To Arthur St. Clair
Philadelphia Sep. 13. 1793.
I received yesterday your favor of Aug. 9. Your having endeavored to avail the public of my agency in convening your legislature needed no apology. I did it with pleasure, as a public servant, and as one willing to serve yourself. Judge Symes however was at a distance, and Judge Turner gone from hence.1 With respect to the question to whom you should send your observations on the laws relating to your government, I can answer with more disinterestedness, as before they can come I shall be no longer in my office. All the business of the government is divided into 3. departments, to wit, of war, finance and state. To some one of the heads of these every possible matter belongs. As to whatever you have to do in your military capacity, you refer yourself to the Secretary at war. I do not know that you can ever have any thing to do in the line of finance. Every thing else falls into the department of state, to the head of which it should be addressed. To him the general report, given every six months, is referred, and if there are matters in it proper for the other departments he reports them to the President who sends the extracts to the proper department.—Whether in or out of office I shall ever be happy to render you any service I can, being with sincere respect Dear Sir Your most obedt. servt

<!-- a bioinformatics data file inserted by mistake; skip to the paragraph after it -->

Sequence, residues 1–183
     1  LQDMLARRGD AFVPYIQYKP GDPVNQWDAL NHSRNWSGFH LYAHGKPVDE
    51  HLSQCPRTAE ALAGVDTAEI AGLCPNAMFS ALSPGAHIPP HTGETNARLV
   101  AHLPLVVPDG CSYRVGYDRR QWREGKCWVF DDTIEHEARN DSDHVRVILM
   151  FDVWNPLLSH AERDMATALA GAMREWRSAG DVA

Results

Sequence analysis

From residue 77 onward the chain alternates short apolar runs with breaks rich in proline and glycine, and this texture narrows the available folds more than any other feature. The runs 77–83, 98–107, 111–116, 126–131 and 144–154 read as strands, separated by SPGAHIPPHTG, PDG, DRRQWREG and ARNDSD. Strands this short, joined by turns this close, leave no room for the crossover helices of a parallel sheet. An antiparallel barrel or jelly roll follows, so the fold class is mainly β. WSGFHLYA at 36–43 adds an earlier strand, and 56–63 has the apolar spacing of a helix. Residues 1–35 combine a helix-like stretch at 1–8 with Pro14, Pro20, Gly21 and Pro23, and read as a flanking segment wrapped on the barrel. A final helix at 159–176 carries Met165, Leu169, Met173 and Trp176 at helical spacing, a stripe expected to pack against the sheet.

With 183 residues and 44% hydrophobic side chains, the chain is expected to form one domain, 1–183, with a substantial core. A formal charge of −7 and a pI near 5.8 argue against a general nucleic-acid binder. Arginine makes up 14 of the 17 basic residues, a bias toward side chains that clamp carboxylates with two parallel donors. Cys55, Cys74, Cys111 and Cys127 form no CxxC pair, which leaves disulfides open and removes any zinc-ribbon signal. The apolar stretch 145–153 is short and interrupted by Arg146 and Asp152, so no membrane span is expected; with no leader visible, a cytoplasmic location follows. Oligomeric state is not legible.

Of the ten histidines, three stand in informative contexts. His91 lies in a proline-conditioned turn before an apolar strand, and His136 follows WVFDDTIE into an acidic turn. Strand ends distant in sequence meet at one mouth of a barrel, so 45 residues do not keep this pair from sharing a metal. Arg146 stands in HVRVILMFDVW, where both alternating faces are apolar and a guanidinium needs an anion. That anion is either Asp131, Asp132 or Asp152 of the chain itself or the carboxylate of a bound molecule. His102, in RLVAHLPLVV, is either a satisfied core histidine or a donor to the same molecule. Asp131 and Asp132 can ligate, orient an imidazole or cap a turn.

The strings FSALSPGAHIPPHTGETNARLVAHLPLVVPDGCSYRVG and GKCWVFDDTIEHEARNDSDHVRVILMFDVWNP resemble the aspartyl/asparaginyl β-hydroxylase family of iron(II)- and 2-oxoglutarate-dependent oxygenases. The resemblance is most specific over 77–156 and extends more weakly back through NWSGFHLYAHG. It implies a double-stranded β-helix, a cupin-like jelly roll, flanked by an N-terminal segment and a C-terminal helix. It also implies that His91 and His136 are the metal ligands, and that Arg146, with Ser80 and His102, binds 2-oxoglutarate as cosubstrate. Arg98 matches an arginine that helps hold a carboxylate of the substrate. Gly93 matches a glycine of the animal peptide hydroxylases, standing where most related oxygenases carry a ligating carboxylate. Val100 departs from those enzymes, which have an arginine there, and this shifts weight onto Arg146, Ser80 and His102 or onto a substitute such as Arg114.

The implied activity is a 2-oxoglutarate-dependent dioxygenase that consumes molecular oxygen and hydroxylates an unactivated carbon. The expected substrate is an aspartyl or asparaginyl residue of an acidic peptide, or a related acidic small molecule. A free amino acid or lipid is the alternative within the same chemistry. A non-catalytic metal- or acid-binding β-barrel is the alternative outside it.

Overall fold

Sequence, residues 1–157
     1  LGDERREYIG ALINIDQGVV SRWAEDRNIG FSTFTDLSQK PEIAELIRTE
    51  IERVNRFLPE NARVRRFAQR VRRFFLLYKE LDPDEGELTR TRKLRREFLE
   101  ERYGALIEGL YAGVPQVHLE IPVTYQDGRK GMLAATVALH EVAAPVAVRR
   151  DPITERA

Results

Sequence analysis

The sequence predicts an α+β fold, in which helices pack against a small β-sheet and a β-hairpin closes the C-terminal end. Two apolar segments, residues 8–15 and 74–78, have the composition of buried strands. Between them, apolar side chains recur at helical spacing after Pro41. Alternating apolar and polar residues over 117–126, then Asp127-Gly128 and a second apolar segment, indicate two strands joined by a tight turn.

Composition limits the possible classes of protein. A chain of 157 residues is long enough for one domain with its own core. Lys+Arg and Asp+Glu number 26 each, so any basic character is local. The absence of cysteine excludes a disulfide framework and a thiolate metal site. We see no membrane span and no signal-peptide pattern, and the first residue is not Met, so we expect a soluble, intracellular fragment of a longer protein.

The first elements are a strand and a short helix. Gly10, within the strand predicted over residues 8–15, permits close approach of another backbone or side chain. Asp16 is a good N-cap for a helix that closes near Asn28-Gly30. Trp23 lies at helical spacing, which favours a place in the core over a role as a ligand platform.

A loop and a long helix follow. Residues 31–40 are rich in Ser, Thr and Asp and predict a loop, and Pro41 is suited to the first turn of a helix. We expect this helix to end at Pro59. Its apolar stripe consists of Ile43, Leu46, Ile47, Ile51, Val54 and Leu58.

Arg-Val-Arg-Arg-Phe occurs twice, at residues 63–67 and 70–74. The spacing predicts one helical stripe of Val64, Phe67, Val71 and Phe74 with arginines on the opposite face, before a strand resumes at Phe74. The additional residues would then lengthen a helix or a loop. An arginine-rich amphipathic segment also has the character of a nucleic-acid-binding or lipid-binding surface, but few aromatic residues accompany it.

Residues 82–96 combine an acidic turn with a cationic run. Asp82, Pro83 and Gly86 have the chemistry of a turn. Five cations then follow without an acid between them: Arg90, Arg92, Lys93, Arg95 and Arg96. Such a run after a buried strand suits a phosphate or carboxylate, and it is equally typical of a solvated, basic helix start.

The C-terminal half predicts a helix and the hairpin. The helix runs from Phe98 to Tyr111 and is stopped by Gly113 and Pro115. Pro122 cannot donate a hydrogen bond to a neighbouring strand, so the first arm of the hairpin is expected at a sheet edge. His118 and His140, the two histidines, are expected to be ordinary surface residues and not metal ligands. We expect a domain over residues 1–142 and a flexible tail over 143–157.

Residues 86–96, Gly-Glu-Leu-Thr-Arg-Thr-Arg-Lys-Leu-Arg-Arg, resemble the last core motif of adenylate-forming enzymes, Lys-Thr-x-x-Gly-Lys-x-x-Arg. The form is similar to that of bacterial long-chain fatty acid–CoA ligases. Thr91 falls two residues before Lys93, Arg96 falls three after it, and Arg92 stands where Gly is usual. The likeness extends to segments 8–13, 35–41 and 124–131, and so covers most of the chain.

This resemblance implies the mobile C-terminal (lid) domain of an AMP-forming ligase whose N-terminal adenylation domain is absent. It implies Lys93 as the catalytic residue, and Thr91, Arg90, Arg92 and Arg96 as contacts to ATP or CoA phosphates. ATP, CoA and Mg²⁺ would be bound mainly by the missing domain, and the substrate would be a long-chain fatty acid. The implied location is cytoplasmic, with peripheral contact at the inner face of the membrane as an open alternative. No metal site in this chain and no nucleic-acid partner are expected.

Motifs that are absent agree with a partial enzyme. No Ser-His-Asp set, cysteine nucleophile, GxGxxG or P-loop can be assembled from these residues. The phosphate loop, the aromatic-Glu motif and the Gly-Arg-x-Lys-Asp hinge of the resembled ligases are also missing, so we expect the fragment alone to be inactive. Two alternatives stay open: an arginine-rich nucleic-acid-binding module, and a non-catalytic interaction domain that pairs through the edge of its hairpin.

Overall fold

PrC (DLC); at foot of text: “Govr. Sinclair.” FC (Lb in DNA: RG 59, DL).
A letter from St. Clair of 1 Nov. 1793, recorded in SJL as received from Cincinnati on 18 Dec. 1793, has not been found, but the journal of the President, to whom TJ sent it on 18 Dec. and who returned it the same day, describes it as a letter of 7 Nov. 1793 relating “to an Expedition said to be in contemplation against the Spanish on the Mississipi. Genl. Clarke, who is to command it has received, thro’ Mr. Genet, a Commission under the Govt. of France. Extract of a letter of Dr. O’Fallon’s relative to the same—thinks it will take with the people of Kentucky &c.” (Washington, Journal description begins Dorothy Twohig, ed., The Journal of the Proceedings of the President, 1793–1797, Charlottesville, 1981 description ends , 269). The extract from James O’Fallon’s letter has not been found, though the letter itself has been identified elsewhere as one from O’Fallon to Captain Francis Herron, Louisville, 18 Oct. 1793 (same, 270n; see also John C. Parish, “The Intrigues of Doctor James O’Fallon,” MVHR description begins Mississippi Valley Historical Review, 1914–64 description ends , xvii , 258–9n). For the failure of this enterprise, see Editorial Note on Jefferson and André Michaux’s proposed western expedition, at 22 Jan. 1793; see also note to TJ to Isaac Shelby, 28 June 1793.
1. Preceding sentence interlined.